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Ruth Hill Stanley

Matriarch. Volunteer. Cultural advocate. Philanthropist. Born June 28, 1922, in Saint-Lambert, Que.; died Feb. 15, 2017, in Sackville, N.B., of natural causes; aged 94.

Ruth Hill was raised in a loving family with two older doting brothers and spent carefree summers in Prince Edward Island. At McGill University, she studied sociology, excelled as a student debater and was a gold medalist at McGill law school. Ruth was the only woman in her law class and graduated in 1945, a year after women were admitted to the Quebec Bar. When she was a teenager, activist priest Jimmy Tompkins commented, "God help the men when you are unleashed on the world."

Although she won a graduate scholarship to study at the University of Chicago, her plans changed when she met George Stanley, a dashing Rhodes Scholar, war veteran and history professor. Theirs was a remarkable life partnership. She spent the rest of her life in British Columbia, Ontario and New Brunswick, and immersed herself in supporting her husband's academic career and raising three daughters (all became professors). She also worked diligently to promote good causes, including ambulance service, Elizabeth Fry, Girl Guides, historical organizations and women's issues.

Ruth's was a life of firsts. As a student, she was instrumental in organizing contralto Portia White's first performance at McGill in the early 1940s. Ruth curated the first formal exhibition of Maud Lewis's work at Mount Allison University in 1974, at a time when academics were dismissive of her folk art (Ruth was given only six hours of gallery time for the exhibit).

Ruth was the first female chair of a hospital board in New Brunswick. Using her exceptional diplomatic skills, she worked tirelessly for three years to obtain a modern hospital for Sackville. She often joked that politicians and bureaucrats in Fredericton let the hospital proceed only to get rid of her.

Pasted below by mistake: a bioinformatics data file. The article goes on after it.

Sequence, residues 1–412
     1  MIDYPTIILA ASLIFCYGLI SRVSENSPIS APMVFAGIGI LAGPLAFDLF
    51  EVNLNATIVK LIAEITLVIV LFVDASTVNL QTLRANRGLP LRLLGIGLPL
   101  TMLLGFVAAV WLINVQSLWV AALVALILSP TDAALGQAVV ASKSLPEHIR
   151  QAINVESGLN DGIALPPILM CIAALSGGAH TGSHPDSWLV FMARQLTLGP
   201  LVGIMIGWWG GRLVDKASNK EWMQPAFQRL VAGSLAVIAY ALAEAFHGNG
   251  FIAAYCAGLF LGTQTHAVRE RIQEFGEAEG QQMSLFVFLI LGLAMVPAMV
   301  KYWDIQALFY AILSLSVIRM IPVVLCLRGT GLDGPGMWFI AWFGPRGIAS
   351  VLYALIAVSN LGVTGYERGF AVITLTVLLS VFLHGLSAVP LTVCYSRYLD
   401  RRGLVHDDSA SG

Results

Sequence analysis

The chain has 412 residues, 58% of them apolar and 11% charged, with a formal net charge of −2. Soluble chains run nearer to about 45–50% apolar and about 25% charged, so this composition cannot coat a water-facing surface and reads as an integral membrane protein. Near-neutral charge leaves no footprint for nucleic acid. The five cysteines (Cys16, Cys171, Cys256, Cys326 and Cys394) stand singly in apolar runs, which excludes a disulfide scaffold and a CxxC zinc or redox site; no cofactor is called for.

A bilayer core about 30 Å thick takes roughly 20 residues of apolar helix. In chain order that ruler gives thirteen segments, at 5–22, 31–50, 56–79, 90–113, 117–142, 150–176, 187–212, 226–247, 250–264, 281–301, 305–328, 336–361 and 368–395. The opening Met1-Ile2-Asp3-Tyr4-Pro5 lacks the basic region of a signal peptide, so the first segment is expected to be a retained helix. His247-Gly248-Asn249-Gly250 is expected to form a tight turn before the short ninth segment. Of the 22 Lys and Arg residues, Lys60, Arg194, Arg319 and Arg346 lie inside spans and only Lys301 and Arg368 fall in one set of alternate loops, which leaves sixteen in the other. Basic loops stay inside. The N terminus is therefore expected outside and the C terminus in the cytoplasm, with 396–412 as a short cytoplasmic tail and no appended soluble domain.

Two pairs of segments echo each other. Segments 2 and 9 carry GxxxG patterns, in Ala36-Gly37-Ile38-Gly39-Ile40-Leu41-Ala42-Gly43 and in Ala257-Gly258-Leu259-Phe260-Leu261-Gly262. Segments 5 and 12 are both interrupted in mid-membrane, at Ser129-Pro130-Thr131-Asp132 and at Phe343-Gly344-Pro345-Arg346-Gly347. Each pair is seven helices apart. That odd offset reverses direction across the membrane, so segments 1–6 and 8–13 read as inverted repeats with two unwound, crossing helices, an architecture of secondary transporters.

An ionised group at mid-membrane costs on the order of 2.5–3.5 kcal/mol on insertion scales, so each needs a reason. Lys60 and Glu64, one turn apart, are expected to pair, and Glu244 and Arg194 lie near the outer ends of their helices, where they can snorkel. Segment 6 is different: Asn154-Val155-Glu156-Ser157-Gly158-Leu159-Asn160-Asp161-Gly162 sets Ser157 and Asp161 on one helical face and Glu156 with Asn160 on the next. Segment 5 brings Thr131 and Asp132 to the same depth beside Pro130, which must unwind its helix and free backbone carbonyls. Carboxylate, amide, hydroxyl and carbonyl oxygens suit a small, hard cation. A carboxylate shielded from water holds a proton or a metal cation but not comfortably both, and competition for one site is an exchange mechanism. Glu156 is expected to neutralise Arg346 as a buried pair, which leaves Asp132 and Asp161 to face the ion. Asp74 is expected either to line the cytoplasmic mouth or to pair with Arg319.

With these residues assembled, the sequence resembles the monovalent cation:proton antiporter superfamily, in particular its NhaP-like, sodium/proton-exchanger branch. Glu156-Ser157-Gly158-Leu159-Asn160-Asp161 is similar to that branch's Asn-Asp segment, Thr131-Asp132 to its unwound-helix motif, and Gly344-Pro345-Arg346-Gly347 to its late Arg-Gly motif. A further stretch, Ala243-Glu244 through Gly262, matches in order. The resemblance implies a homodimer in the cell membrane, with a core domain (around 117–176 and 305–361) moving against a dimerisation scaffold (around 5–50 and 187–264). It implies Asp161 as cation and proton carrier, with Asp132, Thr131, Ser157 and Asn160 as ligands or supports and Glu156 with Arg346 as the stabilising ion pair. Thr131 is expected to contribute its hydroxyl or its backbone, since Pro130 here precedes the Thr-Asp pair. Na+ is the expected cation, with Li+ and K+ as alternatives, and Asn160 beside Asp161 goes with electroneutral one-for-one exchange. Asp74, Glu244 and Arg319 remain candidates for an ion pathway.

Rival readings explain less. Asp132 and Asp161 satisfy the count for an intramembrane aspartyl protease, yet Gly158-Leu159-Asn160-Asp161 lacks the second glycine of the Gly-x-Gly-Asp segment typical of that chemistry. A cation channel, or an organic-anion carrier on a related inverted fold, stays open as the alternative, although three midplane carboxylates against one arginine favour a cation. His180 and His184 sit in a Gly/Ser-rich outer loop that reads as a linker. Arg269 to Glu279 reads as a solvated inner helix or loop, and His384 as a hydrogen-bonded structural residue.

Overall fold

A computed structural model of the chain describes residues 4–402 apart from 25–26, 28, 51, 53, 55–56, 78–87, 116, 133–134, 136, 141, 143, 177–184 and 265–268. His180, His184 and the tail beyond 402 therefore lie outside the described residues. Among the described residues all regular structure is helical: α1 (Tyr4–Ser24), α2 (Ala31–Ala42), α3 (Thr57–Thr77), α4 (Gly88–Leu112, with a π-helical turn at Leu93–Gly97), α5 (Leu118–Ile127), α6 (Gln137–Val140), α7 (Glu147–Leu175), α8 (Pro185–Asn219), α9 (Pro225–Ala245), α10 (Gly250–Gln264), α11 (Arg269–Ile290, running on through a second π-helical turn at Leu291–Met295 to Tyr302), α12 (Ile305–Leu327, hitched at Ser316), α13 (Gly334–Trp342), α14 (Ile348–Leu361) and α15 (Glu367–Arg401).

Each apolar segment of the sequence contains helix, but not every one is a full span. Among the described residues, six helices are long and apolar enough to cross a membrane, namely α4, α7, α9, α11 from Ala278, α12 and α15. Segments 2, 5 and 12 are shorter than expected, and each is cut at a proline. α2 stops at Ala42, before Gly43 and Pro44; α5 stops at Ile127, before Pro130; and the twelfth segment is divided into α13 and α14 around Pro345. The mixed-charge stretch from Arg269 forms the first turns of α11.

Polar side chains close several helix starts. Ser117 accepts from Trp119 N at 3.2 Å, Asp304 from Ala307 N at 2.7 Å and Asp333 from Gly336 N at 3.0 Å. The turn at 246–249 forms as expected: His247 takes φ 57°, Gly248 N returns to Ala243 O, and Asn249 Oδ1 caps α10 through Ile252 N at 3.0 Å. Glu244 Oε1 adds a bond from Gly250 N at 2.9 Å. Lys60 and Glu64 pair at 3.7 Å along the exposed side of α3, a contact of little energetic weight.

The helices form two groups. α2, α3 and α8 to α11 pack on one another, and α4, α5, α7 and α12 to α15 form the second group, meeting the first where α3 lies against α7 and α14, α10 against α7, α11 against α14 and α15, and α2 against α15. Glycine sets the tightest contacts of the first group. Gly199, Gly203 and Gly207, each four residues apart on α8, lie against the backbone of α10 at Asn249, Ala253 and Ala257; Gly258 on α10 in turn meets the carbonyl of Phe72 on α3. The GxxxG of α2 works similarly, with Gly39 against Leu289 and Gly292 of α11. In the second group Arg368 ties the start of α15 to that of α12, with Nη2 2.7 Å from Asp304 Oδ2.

She had a passionate interest in Canadiana and was a strong supporter of the arts community. She donated her fine collection of Canadian art books to the University of Calgary, and particularly enjoyed her role as the first honorary president of the New Brunswick Museum Board.

George's term as Lieutenant-Governor of New Brunswick coincided with the province's lively bicentennial celebrations. When George and Ruth walked into a room, everyone took notice. As one journalist noted, they brought "a new level of decorum" to the viceregal role. The ultimate compliment came from the Countess Mountbatten, Ruth was quoted as saying in a local newspaper: "I'd like you to remember this party," Mountbatten told her son. "This is the way things used to be done in the United Kingdom when things were done right."

For her decades of public contributions, Ruth was awarded the Order of New Brunswick, honorary degrees from Mount Allison University and St. Thomas University, and the Canadian Centennial Medal. In retirement, she travelled to Asia, South America, Antarctica, Europe and the Middle East.

Sometimes, there is a wonderful symmetry to life. Ruth died on Flag Day, 52 years after the Maple Leaf, designed by her husband, was first raised on Parliament Hill. Her fondest memory of that historic day was looking out from the Peace Tower and seeing snowy Ottawa awash in red and white flags.

When Ruth passed, tributes flooded in from friends and admirers across Canada. The word that featured uniformly in these messages was "graciousness." Ruth was raised to value refinement and compassion. She epitomized these classic virtues, and we miss her presence in our lives.

Laurie Stanley-Blackwell is Ruth's daughter, John Blackwell is her son-in-law.

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